1. Take advantage of tax law changes. We’ve seen multiple new planning opportunities arise after the passage of the SECURE Act of 2019 and the recent CARES Act of 2020 (Coronavirus Aid, Relief, and Economic Security Act). Some of the resulting planning opportunities we are working on or considering for our clients include:
    • Roth IRA Conversions: Converting traditional tax-deferred IRA money into a tax-free Roth IRA does create taxable income on the amount converted, but it means all future earnings will be tax-free forever. As mentioned in our SECURE Act blog post, inheriting a Roth IRA is more attractive than a traditional IRA, given that distributions will be tax-free. For our clients who intend to use their IRA money as a legacy asset for future generations, market declines provide an opportunity to convert assets that may be down. This makes the taxable conversion amount lower and means the assets will be in the Roth IRA during a potential rebound.
    • Update Charitable Giving Plans: If you want to give more in this time of crisis, or even revise your giving to support COVID-19-related causes and organizations, we can help you update your plan. The CARES Act also now allows you to deduct up to $300 in cash contributions, whether or not you itemize.
    • Waive 2020 IRA Required Minimum Distributions (RMDs): The SECURE Act law changes include an extension for starting RMDs to age 72 from 70½, but the CARES Act now allows all IRA owners to have their RMDs waived for the entire tax year 2020. This allows you to keep IRA money invested and avoid creating more taxable income. And, if you already began RMDs, you may be able to use the 60-day IRA rollover rule to return distributions not needed back to your IRA and report those distributions as not taxable for 2020.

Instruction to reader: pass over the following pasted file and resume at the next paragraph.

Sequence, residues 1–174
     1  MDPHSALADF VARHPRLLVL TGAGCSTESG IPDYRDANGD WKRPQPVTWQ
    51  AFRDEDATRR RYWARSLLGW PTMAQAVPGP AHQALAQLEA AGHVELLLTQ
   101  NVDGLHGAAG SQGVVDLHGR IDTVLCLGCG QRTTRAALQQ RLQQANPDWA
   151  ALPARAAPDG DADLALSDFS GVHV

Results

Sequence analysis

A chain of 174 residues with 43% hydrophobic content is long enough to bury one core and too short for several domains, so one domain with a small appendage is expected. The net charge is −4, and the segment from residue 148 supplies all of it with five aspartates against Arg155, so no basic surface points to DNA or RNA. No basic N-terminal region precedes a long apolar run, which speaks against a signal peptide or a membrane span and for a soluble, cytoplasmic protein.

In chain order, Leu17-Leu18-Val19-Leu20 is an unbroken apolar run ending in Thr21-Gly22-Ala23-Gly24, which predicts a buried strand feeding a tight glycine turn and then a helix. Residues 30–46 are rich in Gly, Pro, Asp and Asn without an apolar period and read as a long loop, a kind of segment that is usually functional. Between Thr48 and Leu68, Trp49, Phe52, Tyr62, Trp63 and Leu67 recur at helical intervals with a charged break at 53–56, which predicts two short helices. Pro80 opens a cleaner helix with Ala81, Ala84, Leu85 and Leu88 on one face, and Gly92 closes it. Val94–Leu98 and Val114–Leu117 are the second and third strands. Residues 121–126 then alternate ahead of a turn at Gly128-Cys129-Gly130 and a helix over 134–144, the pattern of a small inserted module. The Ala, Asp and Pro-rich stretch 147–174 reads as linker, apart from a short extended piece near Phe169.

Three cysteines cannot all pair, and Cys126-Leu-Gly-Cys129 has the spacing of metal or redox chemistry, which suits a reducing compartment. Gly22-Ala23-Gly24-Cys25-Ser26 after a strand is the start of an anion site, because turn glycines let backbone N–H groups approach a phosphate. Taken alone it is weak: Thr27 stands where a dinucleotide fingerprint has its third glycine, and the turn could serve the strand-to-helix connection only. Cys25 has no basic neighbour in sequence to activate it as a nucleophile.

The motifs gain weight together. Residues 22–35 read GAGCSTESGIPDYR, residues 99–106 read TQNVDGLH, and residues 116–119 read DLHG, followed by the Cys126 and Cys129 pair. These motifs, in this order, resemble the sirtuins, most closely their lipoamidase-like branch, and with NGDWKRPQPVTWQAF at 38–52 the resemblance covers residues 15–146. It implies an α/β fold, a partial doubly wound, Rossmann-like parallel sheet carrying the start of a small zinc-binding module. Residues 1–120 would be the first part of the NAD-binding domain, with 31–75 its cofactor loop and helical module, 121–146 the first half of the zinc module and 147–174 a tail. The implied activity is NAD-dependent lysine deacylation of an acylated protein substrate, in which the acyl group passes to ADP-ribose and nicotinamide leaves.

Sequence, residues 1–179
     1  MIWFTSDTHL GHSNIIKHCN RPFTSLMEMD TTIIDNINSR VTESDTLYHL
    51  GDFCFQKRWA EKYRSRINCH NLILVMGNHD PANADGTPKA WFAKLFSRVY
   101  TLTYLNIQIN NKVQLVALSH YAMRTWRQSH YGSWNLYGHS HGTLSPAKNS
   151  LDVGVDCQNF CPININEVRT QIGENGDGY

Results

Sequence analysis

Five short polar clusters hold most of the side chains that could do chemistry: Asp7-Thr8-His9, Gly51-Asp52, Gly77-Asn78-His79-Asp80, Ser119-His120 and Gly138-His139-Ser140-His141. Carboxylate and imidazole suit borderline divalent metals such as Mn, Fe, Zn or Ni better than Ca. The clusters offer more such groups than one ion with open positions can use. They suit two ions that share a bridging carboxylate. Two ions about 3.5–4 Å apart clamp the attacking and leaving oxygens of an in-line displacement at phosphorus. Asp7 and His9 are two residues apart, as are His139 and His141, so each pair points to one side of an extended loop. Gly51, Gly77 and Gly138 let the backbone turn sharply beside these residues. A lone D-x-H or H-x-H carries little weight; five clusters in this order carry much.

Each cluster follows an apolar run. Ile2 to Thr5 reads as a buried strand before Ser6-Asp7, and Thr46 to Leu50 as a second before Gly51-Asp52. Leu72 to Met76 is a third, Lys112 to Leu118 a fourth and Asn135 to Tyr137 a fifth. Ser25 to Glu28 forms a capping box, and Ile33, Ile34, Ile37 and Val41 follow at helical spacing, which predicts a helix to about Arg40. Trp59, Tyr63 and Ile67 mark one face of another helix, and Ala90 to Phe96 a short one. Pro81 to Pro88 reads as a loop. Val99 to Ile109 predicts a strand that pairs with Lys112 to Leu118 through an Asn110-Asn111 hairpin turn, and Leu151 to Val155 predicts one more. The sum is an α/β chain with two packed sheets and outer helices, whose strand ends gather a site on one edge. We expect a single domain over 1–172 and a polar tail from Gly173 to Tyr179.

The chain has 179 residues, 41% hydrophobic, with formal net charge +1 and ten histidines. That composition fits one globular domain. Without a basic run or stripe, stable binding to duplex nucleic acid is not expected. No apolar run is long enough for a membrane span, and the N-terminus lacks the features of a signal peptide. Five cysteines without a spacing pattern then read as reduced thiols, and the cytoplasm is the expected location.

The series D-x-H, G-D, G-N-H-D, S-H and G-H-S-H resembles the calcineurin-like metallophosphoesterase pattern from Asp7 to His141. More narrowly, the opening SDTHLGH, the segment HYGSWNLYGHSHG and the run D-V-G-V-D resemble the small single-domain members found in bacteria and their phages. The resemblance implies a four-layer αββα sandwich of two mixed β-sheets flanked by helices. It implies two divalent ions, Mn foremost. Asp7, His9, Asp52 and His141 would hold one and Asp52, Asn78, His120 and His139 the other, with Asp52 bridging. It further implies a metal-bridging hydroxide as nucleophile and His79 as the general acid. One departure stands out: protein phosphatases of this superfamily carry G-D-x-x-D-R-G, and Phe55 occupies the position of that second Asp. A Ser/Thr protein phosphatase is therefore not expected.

• Individualized Planning Opportunities: Given that each individual, family, or organization’s situation is unique, it is worthwhile to have a conversation so we can uncover other opportunities made possible by recent law changes (such as deferring tax or loan payments, applying for business loans, refinancing, reviewing beneficiaries, contributing to retirement plans, and more).
  1. Stay true to your investment strategy. By working together to take the above steps to benefit your financial situation, we can help you stay committed to your overall investment guidelines and curb the urge to take potentially harmful actions in your investment portfolio. You can read more about our philosophy of managing through market declines and rebounds in our post, “Stay the Course: There’s a Cost to Timing the Market.”
  1. Take proactive breaks from the 24/7 news cycle. We encourage you to take time away from the news and daily COVID-19 updates. The constant news feed is focused on keeping consumer attention and primarily benefits advertisers. It can be overwhelming to the viewer, and that can lead to unnecessary stress and anxiety. It’s important to stay both physically and mentally healthy so you can make the best decisions for your overall benefit. We, at Litman Gregory, are practicing this ourselves and believe it puts us in a better position to support thoughtful decision making with our clients.

If you would like to review any of these or other actions, please connect with your Litman Gregory Wealth Advisor. We are here for you and wish you and your family health and safety.